Rasmus​.krats​.se

Light or dark?

Posted 2022-05-16 22:11. Tagged , , , , .

I’ve had a light and a dark theme on this site since I switch from python to rust. But until now I have only used css @media selection to enable the dark theme, so it hasn’t been very discoverable. If you have a browser that supports the prefers-color-scheme query and you have found that setting and enabled dark mode, you have seen this site in the dark theme (and may not know that it had a light theme), otherwise you have seen the site in the light theme (and not known about the dark).

So now this site have a “theme” button in the header. By clicking it you toggle between the “device default”, “dark” and “light” theme. The default is the “device default”, which is the same as before I introduced the button, either dark or light based on browser preference. So people who have made an active choise in their browser get that choise on this site automatically.

So, how do I implement this? The changes is a PR for kaj/r4s on github. What follows in this post is a walk-through of the main parts.

The old way (well, what I did from january to may 2022) was to have css code like this:

body {
  background: #fdfbf9; /* paper */
  color: black;
  /* .. and lots more styles */
}

@media (prefers-color-scheme: dark) {
  body {
    background: #25082e; /* dark purlple */
    color: #fdfbf9;
    /* .. and overrides for every other color style */
  }
}

As far as I know, it’s not possible to change the prefers-color-scheme preference from a button in a web page. And anyway, I’d like to make it possible to switch in browsers that don’t have that preference. What I can easily do from a button is change a class attribute on the html element. So what I need is this:

/* All common and light-theme css */

html.theme-dark { /* All dark theme overrides */ }
@media (prefers-color-scheme: dark) {
    html:not(.theme-light) { /* All dark theme overrides _again_ */ }
}

Typing all the dark theme overrides twice is not really a problem, since I use sass, so the real code looks like this:

@mixin darktheme {
    /* All dark theme overrides */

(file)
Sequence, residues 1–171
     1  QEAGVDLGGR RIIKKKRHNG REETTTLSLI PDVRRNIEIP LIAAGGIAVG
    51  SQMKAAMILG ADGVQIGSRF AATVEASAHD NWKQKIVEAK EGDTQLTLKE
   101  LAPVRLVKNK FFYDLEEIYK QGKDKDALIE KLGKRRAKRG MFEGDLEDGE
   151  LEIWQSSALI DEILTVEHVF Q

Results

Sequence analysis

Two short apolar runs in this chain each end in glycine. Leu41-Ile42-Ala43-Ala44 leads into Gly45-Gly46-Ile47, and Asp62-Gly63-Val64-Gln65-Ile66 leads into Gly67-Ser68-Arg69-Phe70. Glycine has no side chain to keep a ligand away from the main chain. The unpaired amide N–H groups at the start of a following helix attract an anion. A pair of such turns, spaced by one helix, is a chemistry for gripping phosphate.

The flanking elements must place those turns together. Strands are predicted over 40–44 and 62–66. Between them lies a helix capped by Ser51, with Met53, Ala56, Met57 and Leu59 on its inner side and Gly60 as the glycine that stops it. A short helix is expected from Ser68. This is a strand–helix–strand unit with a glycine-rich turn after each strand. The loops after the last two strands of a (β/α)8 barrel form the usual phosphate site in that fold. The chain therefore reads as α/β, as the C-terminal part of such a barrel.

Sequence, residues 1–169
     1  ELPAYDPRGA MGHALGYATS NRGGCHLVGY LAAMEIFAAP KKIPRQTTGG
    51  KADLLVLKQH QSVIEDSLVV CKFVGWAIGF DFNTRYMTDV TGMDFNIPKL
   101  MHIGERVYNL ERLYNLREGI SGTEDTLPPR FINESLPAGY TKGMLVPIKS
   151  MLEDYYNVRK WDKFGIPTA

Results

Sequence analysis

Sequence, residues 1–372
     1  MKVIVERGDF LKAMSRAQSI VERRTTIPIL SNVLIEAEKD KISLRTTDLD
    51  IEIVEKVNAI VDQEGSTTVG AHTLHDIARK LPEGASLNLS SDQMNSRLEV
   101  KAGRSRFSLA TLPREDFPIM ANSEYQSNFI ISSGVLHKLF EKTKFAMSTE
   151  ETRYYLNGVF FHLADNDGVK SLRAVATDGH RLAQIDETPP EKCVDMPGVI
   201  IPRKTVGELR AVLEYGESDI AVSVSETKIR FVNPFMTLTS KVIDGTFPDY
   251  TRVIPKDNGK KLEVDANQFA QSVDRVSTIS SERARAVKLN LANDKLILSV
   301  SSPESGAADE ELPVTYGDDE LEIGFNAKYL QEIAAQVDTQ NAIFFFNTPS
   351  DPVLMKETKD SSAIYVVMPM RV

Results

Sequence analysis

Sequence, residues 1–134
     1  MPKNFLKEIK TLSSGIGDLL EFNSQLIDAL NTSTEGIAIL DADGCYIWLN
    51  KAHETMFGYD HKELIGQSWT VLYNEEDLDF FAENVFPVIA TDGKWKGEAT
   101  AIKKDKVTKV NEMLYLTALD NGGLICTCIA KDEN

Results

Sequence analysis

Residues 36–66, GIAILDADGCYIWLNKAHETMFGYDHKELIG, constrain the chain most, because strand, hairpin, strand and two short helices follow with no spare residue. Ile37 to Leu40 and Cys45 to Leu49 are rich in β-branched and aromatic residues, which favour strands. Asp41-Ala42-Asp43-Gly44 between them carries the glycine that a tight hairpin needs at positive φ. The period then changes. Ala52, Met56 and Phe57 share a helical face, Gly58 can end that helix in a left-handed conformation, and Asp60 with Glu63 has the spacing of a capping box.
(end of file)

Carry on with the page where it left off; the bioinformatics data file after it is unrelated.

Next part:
}
html.theme-dark { @include darktheme; }
@media (prefers-color-scheme: dark) {
    html:not(.theme-light) { @include darktheme; }
}

But it makes the resulting css longer than necessary. And maintaining the dark mode overrides when I change anything in the css is harder than it should be. Surely there must be a better way?

Yes, there is. Css variables has been around since 2017, and by now they are supported by pretty much all browsers except discontinued MSIE and Opera Mini. So instead of trying to find all the styles I need to override to make a dark theme, I can move all colors to css variables and only override the variable declarations for the dark theme.

Like this:

html {
  --col-f: black;
  --col-b: #fdfbf9; /* paper */
  --col-fh: #3a0d46; /* hightligh foreground, dark purple */
  /* ... some more colors */
}
@mixin darktheme {
    html {
        --col-f: #fdfbf9; /* paper */
        --col-b:  #3a0d46; /* dark purple */
        --col-fh: wheat;
        /* ... some more colors */
    }
}

html.theme-dark { @include darktheme; }
@media (prefers-color-scheme: dark) {
    html:not(.theme-light) { @include darktheme; }
}

body {
  color: var(--col-f);
  background: var(--col-b);
}
/* ... and all the rest of the styling */

That’s all for the css. What remains is the javascript for the button:

let b = document.documentElement;
let t = localStorage.getItem('theme');
if (t) {
    b.classList.add('theme-' + t)
}

function init() {
    let h = b.querySelector('header');
    if (b.lang == 'sv') {
        theme = 'tema'
    } else {
        theme = 'theme'
    }
    h.insertAdjacentHTML(
        'beforeend',
        `<p><button class="themeswitch">${theme}</button></p>`
    );
    h.querySelector('button.themeswitch').addEventListener(
        'click',
        function(e) {
            let c = b.classList;
            let l = localStorage;
            if (c.replace('theme-dark', 'theme-light')) {
                l.setItem('theme', 'light')
            } else if (c.replace('theme-light', 'theme-default')) {
                l.removeItem('theme')
            } else {
                c.remove('theme-default');
                c.add('theme-dark');
                l.setItem('theme', 'dark')
            }
            e.target.blur();
        }
    );
}

if (document.readyState === 'loading') {
    document.addEventListener('DOMContentLoaded', init);
} else {
    init();
}

This has two pieces; a small one that is executed as soon as possible, and a larger (the init function) that is executed after the full DOM for the web page is loaded.

The immediate piece checks local storage for a field name theme, and if there is one it sets the relevant theme- class on the root element (<html>).

The init function creates a <button> (with the text theme or tema depending on the language) and sets an event listener for it. The listener cycles through the theme-dark, theme-light and theme-default classes for the root element, and saves the current value to local storage (for when the user goes to another page on the site, or goes away and comes back later).

The classList.replace function was really usefull here. If the classList contains the first token, it replaces it with the second and returns true, otherwise it returns false, keeping the check and the replace atomic, reducing the risk of bugs. In the third case, i don’t use that replace function, since not having any recognized theme- class is considered equivalent to having a theme-default class.

So, what do you think? Is there any obvious better way to do this that I missed? Do the themes look reasonably well on your device? Do you prefer the dark or the light thema? Comments are welcome!

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